"The guys that are mentally tough are the ones who achieve and sustain excellence."
—Jon Gruden, Former Super Bowl Winning NFL Head Coach
Thousands of athletes compete each year at the NCAA D-I level. Out of all the college athletes who have a shot at the pros, only a handful actually succeed. What helps these athletes triumph when their peers do not?
Fields and courts aren't the only places where games are played. They also live in the minds of the players—hence the need for mental toughness. As a freshman or a rookie, you have a lot to learn in a hurry—new coaches, teammates, systems, plays, coverages—not to mention dealing with the fact that you're no longer top dog.
If you want to tackle your mental issues, sit down and talk with a coach.
Sometimes when athletes get frustrated with a situation, whether it's lack of playing time or a losing season, instead of talking to the coach, they jump ship and quit. Coaches are there to guide athletes in the right direction and to place them in the best possible position for success. Any coach who cares about his team will take the time to talk or work with a player who is struggling physically or mentally. However, unless the athlete brings it up, the coach may never discover the problem.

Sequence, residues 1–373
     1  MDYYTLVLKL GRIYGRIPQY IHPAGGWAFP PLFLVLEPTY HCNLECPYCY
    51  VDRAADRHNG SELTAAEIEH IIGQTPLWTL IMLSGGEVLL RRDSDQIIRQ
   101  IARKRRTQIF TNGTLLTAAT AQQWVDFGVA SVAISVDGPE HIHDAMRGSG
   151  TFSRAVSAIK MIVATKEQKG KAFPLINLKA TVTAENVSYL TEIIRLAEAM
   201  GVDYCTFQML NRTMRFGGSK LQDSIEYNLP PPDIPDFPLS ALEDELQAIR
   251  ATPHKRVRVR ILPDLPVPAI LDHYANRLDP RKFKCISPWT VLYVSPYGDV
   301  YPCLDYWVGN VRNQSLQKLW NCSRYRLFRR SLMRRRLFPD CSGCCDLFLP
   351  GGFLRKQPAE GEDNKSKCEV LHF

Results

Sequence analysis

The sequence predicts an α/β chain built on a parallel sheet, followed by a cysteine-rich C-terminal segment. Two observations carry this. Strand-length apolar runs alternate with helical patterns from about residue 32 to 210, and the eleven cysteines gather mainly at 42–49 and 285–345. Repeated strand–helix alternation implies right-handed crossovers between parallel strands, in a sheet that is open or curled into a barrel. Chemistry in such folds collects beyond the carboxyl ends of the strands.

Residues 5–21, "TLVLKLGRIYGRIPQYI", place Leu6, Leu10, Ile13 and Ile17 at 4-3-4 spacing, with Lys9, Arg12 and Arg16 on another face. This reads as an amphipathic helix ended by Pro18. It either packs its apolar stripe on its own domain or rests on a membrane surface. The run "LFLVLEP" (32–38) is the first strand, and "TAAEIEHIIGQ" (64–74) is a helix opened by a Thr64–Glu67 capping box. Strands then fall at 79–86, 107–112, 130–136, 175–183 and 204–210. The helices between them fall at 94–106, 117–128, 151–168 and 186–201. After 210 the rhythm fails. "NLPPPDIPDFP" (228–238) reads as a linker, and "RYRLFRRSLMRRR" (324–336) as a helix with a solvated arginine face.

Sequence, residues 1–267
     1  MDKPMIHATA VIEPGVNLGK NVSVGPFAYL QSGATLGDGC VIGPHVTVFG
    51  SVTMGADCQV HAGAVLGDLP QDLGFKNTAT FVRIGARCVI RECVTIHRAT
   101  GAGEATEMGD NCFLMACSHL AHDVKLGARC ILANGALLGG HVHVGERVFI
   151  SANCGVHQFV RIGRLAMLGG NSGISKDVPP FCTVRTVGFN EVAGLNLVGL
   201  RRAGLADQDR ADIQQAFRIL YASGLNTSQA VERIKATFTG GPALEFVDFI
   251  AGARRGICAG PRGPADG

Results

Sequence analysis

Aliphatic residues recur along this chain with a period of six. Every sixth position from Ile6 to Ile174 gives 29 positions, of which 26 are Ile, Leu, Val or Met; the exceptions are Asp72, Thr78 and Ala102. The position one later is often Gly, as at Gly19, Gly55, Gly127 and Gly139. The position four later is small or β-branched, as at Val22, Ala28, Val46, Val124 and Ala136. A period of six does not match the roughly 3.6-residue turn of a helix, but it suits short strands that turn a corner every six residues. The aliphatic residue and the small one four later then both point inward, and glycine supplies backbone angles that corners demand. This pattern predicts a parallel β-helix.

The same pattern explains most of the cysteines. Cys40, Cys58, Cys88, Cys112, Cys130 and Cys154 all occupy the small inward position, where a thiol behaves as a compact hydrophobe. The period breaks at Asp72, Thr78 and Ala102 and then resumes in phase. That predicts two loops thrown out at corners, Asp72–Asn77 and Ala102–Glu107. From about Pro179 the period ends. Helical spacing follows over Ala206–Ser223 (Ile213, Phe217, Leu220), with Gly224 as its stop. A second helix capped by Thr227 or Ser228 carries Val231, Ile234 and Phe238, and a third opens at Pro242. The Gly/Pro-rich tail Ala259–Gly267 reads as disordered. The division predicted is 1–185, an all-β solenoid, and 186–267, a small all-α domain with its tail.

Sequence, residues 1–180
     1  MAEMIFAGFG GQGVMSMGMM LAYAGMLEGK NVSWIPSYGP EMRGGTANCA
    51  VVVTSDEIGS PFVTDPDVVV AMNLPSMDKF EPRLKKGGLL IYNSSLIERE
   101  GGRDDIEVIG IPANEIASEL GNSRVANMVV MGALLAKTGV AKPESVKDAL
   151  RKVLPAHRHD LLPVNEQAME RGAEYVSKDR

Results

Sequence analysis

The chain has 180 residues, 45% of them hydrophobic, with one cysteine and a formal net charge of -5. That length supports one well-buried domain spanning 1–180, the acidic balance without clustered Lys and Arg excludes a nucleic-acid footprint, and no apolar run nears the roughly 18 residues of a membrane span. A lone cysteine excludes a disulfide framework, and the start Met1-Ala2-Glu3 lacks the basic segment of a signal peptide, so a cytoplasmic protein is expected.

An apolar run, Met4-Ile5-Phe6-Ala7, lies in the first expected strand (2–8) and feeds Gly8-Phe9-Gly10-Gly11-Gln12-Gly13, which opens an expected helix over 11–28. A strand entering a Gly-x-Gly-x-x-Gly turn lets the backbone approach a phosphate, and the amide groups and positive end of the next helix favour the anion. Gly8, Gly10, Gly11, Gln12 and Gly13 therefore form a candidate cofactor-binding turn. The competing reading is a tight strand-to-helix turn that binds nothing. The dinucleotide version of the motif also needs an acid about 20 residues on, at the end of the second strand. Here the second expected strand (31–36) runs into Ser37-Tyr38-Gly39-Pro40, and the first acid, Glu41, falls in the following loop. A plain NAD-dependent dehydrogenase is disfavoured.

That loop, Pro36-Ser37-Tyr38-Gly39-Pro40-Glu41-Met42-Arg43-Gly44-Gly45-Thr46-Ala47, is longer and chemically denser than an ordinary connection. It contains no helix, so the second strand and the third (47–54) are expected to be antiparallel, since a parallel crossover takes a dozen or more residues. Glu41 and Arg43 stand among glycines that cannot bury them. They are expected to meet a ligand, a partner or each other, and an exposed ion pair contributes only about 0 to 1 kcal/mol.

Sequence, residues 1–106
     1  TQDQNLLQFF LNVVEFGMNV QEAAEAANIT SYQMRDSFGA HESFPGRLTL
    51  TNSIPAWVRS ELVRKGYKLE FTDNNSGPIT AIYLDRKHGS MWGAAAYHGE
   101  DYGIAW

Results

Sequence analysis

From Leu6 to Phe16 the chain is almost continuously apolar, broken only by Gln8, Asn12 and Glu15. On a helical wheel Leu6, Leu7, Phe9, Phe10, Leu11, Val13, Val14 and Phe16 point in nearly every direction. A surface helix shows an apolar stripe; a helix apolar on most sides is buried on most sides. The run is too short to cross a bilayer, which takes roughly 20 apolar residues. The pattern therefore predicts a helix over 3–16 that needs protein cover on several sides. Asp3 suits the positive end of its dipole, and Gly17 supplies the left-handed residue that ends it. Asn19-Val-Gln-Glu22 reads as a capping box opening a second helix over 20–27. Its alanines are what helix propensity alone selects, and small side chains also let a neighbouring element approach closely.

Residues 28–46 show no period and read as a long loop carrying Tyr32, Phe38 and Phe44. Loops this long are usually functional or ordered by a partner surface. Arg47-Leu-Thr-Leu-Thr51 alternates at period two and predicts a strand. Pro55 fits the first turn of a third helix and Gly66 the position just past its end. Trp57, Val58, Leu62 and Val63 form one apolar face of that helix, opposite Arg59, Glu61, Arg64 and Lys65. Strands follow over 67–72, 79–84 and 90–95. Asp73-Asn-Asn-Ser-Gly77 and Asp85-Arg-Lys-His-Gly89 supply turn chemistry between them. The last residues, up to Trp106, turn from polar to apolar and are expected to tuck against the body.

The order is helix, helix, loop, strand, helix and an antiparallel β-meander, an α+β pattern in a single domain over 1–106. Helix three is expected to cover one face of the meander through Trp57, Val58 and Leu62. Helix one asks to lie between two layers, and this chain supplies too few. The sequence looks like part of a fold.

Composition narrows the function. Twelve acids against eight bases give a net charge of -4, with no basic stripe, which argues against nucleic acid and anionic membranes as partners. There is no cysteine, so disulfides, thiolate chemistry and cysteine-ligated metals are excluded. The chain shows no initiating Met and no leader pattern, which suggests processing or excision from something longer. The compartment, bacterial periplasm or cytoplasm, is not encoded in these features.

Former NFL head coach Jon Gruden knows very well what it takes to be successful at the highest level, and he was always willing to work and communicate with players who asked for help. Gruden learned at a young age how to coach and help players, because his father Jim served as an assistant coach to Dan Devine at the University of Notre Dame.
After Gruden graduated with a degree in communications from the University of Dayton (he was a backup QB), he spent six years bouncing around the college circuit as an assistant coach. Using his communication skills and deep knowledge of football, he pushed his players to achieve greatness, sacrificing his own time to stay late and work one-on-one with his players—in his office, on the field and in the film room.
Gruden's hard work eventually got noticed, and he was named head coach of the Oakland Raiders. He led the Raiders from '98 to '01, then the Tampa Bay Buccaneers from '02 to '08. During his 11 years as an NFL head coach, he won five division titles and hoisted the Lombardi Trophy after the Bucs won Super Bowl XXXVII.
Though he retired from coaching on Sundays in '08, Gruden continues to teach young players what it takes to be successful athletes—as a volunteer assistant offensive line coach at Carrollwood Day School in Tampa, Fla.
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